02 December 2007

Savior of the Nations, Come

Nothing says, "Advent is here," like the great Advent hymn "Savior of the Nations, Come" (LSB 332). That's why I insist on singing it every year on the First Sunday in Advent, just as it has been sung on this Sunday for many years and centuries, even since St. Ambrose of Milan (340-397) evidently wrote it, I presume.

Why do I love this hymn so much? Not just because it signals the beginning of Advent, however good that is in itself, but because of the strong confession of our Lord's Incarnation. Yes, "Savior of the Nations, Come" begins Advent and prepares us for Christmas by focusing our attention the real message and joy of this season: God became man to bring us back to God.

I no longer settle for the all too tame "Jesus is the reason for the season" slogan (not that I ever had, really). That my be fine when setting the record straight over against the secular, commercialized, shopping-frenzied, party-wearied version of "the season." However, for Christians, this time of year goes far deeper - gloriously deeper! - than "Jesus is the reason for the season." Yes, He is, but there's so much more. Let's talk Incarnation. Let's talk the mystery that reunites us with God Himself. Let's talk God and man being united in one Person, Jesus of Nazareth, so that we, sinners all, may be reunited with the God who loves us. That's the true and glorious reason for the season!

And without further ado, here's how the hymn "Savior of the Nations, Come" confesses the incarnational reason for the season:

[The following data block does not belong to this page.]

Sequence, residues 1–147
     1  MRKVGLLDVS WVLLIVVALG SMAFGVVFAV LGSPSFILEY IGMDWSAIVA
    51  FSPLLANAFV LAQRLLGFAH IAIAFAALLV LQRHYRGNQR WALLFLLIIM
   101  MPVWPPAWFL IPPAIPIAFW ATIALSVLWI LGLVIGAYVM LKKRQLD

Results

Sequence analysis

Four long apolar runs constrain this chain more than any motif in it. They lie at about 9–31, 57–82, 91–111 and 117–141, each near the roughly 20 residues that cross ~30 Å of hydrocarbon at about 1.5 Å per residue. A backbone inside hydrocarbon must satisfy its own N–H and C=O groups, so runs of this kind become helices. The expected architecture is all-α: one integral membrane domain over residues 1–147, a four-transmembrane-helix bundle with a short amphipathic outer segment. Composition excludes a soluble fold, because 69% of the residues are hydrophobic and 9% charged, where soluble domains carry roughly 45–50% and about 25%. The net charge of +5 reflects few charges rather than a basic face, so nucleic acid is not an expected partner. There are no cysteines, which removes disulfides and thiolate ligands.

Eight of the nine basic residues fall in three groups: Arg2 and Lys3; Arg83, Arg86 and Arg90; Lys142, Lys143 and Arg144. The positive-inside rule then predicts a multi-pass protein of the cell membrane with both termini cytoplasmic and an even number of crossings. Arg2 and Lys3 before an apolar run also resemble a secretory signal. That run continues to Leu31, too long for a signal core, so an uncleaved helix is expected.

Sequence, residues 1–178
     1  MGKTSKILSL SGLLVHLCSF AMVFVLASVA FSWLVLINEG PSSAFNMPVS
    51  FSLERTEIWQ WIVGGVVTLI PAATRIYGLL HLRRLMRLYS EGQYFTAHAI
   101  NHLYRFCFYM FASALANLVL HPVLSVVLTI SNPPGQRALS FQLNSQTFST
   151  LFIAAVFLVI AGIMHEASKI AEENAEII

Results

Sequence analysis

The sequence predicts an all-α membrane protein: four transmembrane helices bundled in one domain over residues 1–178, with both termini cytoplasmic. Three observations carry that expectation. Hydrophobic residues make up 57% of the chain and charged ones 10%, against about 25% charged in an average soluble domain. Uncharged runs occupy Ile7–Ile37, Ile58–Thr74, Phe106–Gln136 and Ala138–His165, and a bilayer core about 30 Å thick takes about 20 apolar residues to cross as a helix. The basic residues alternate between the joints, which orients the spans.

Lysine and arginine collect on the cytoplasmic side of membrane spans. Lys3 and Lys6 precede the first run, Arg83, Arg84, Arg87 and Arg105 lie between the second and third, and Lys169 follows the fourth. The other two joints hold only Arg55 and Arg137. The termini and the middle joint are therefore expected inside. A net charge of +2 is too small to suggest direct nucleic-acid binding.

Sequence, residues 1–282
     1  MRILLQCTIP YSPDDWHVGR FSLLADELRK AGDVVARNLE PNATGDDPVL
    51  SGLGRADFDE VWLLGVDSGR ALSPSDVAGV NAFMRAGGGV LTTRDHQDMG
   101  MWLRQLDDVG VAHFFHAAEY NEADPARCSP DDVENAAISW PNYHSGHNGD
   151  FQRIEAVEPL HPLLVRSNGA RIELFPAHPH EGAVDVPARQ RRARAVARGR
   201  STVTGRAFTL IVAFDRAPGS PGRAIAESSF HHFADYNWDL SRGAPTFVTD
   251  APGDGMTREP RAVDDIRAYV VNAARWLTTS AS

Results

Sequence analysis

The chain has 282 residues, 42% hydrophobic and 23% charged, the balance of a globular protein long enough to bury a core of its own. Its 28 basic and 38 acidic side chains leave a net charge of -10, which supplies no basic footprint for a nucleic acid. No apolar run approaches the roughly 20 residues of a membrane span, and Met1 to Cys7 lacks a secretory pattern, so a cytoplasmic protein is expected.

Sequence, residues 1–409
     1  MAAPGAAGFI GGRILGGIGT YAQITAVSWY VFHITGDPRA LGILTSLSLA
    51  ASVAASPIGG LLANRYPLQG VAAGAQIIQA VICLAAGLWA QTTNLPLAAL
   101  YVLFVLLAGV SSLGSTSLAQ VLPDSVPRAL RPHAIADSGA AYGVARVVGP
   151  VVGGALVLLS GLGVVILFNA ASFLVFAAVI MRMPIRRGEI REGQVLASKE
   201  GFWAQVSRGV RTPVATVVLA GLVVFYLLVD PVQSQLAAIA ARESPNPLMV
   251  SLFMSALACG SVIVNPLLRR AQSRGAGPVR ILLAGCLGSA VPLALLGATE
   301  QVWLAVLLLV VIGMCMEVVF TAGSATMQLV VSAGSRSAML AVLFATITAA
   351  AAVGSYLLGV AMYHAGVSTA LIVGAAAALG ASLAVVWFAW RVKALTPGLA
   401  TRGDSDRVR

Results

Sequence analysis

Savior of the nations, come,
Virgin's Son, make here Your home!
Marvel now, O heav'n and earth,
That the Lord chose such a birth.

Not by human flesh and blood,
By the Spirit of our God,
Was the Word of God made flesh--
Woman's offspring, pure and fresh.

Here a maid was found with child,
Yet remained a virgin mild.
In her womb this truth was shown:
God was there upon His throne.

Then stepped forth the Lord of all
From His pure and kingly hall;
God of God, yet fully man,
His heroic course began.

God the Father was His source,
Back to God He ran His course.
Into hell His road went down,
Back then to His throne and crown.

For you are the Father's Son
Who in flesh the vict'ry won.
By Your mighty pow'r make whole
All our ills of flesh and soul.

From the manger newborn light
Shines in glory through the night.
Darkness there no more resides;
In this light faith now abides.

Glory to the Father sing,
Glory to the Son, our king,
Glory to the Spirit be
Now and through eternity. (Lutheran Service Book, 332)

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